• The proposed train storage sites


    All potential sites would need some upgrades to accommodate the trains.�

    At $300,000, Union Station is the least expensive option. The costliest is the railyard: It would cost upward of $50 million to relocate the existing railyard to make room for the passenger train, according to the study. Both Urban Reserve sites are in the $2.2 million range, where Flynn Avenue would cost about $1.5 million.�

    The station scored high for its existing electrical infrastructure and low impacts to both natural resources and existing train travel. But it was the only site of the five to score a zero, the lowest possible rating, for both its proximity to residences and air quality impacts.�

    Union Station is located closest to residences the nearest is just 50 feet away compared to a nearly 530-foot buffer at all the other sites. But it impacts the fewest homes overall just 26, about half as many at either Urban Reserve, according to the report.�

    While Delabruere didn't want to comment much on citizens' concerns, he�did�dispel the notion that the trains would idle overnight. The trains�would be outfitted with "hot start" equipment, he said, which only require a 20- to 40-minute warm up and cool down. They'd only idle for longer periods if the outside temperature is -20 degrees or colder, he said.�

    Amtrak service can't start in Burlington, however, until Middlebury finishes its own massive rail project. The Addison County town is in the midst of replacing two century-old rail bridges with a new tunnel,�Delabruere said.�

    "There's some time between now and when the Middlebury tunnel project will be complete, he said.�We have some time to think about this, and I don't know that we're forced into making a decision.�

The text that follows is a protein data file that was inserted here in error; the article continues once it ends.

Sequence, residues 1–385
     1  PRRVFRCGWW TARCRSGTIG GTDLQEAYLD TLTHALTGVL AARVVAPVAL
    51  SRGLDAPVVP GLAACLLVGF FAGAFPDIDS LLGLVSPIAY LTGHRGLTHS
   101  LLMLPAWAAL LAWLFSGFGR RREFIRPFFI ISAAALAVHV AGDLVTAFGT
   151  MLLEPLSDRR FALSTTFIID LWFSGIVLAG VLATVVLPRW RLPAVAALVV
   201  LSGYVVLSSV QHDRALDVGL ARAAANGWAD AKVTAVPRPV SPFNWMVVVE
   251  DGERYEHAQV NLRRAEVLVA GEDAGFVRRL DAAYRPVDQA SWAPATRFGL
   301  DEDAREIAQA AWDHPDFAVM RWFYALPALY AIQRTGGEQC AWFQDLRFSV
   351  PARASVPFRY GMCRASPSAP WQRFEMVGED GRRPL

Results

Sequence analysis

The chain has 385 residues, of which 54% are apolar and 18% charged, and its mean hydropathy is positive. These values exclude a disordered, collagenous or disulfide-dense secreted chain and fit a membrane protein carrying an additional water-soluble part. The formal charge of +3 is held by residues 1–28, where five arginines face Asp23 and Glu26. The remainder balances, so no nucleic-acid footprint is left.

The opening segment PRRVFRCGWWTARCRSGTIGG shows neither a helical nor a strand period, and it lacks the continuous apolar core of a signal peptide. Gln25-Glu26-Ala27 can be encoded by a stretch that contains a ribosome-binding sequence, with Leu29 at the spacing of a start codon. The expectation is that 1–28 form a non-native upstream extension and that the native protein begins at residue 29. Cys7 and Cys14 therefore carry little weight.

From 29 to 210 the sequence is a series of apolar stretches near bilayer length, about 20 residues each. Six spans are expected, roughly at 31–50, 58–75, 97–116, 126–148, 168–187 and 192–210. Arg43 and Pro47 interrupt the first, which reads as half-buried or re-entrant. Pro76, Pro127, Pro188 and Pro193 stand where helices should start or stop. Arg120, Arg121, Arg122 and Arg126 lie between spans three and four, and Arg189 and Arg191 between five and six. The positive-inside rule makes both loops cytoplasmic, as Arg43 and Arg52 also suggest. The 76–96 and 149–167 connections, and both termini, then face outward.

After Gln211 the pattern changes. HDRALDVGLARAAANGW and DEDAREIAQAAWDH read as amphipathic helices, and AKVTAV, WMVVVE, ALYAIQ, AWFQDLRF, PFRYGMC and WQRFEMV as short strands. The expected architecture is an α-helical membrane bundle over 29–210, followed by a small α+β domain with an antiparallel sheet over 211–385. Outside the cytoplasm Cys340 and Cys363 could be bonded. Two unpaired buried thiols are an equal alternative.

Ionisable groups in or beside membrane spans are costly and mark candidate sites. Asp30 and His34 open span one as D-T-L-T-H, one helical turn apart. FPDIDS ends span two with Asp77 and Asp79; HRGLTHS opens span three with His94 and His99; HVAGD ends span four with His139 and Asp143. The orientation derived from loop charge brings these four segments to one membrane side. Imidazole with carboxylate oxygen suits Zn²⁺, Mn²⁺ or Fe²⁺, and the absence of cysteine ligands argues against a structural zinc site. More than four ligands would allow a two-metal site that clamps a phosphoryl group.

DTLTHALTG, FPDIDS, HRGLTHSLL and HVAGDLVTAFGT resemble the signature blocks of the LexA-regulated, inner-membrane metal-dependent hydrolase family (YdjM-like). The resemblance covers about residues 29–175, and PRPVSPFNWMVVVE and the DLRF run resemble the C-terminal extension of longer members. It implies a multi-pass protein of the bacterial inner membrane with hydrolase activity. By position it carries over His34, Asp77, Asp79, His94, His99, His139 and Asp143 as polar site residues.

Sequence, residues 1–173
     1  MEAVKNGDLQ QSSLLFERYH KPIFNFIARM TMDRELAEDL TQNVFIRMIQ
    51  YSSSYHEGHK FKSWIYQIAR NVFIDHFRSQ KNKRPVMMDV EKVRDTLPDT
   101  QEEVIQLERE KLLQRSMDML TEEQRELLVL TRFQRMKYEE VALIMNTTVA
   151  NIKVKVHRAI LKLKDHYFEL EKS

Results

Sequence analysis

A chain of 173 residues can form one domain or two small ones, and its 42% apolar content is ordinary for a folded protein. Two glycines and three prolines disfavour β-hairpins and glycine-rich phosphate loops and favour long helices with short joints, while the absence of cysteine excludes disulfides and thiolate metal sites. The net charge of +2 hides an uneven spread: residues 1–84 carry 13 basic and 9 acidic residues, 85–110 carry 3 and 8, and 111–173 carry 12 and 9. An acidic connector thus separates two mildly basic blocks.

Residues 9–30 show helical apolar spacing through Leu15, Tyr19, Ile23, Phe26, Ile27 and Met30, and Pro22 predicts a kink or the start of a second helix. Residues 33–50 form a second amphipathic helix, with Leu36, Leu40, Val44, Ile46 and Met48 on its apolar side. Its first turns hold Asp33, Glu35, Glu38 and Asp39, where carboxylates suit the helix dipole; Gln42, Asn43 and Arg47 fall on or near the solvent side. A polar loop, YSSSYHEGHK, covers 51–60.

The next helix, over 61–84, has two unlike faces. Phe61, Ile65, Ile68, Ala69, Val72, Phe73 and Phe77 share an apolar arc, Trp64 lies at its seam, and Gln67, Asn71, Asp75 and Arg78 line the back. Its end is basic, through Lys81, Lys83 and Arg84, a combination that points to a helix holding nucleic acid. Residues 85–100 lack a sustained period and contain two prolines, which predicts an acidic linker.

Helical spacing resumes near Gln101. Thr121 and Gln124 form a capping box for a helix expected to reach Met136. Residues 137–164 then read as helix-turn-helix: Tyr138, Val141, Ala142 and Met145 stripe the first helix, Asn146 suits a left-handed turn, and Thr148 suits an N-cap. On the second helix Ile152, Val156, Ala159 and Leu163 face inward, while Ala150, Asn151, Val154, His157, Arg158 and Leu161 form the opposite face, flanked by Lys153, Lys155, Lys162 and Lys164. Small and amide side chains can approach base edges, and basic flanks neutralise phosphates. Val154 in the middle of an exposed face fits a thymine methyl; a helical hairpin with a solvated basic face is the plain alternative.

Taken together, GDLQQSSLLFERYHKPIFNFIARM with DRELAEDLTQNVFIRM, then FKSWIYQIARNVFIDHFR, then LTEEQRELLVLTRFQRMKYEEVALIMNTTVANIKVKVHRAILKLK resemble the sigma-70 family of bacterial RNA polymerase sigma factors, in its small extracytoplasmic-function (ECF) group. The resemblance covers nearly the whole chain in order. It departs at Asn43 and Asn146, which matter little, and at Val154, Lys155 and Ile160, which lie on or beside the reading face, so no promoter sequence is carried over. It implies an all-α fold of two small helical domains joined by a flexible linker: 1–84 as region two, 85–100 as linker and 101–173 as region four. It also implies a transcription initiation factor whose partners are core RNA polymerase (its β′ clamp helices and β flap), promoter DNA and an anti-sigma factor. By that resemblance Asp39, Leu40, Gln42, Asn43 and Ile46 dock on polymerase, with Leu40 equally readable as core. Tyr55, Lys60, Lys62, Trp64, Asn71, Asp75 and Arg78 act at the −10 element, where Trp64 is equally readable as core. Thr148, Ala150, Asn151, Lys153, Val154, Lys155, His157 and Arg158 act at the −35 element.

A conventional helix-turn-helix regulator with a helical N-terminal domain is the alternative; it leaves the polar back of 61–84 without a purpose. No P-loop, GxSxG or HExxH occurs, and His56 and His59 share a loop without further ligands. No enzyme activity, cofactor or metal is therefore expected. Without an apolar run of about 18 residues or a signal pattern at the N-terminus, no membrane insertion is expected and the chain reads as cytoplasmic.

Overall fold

Burlington Mayor Miro Weinberger said the city hasn't taken a formal position on the issue, noting it's "in conversations" with VTrans as the agency deliberates.�

    We dont have control, but we definitely have a voice," Weinberger said. "This is something weve fought for and wanted to see happen for a long time, so its exciting that were getting to the point where were actually talking about the details.�
    �

    �

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      Changes in South Burlington

      Changes at the O'Brien Farm in South Burlington

      9:38 a.m. EDT July 31, 2019

        

      "Hillside," a single- and multi-family housing development is envisioned for the O'Brien Farm in South Burlington, as seen in this aerial rendering by Russ DeSantis Photography and Lincoln Brown Illustration. The view is from the south west, with Burlington International Airport and Kennedy Drive at left; Mt. Mansfield in the center distance. The light-colored multi-story buildings in the foreground are older properties that were built on portions of the farm: Lancaster at O’Brien Farm and Stonington Circle at O’Brien Farm.

      COURTESY NEIL DIXON, O'BRIEN BROTHERS

      A site map for Hillside at the O'Brien Farm, a housing development under construction in South Burlington. Future phases of building are planned for parcels at the left and top of this image created for O'Brien Brothers, the development firm.

      A site map for Hillside at the O'Brien Farm, a housing development under construction in South Burlington. Future phases of building are planned for parcels at the left and top of this image created for O'Brien Brothers,

      New homes, constructed and in the works, redefine a portion of the O'Brien Farm in South Burlington on July 14, 2019. 

      New homes, constructed and in the works, redefine a portion of the O'Brien Farm in South Burlington on July 14, 2019.

      JOEL BANNER BAIRD/FREE PRESS

      Evan Langfeldt, CEO of the O'Brien Brothers Agency, near the site of a planned residential development in South Burlington on Tuesday, February 28, 2017. The project is between Old Farm Road, Kimball Avenue and Route 116.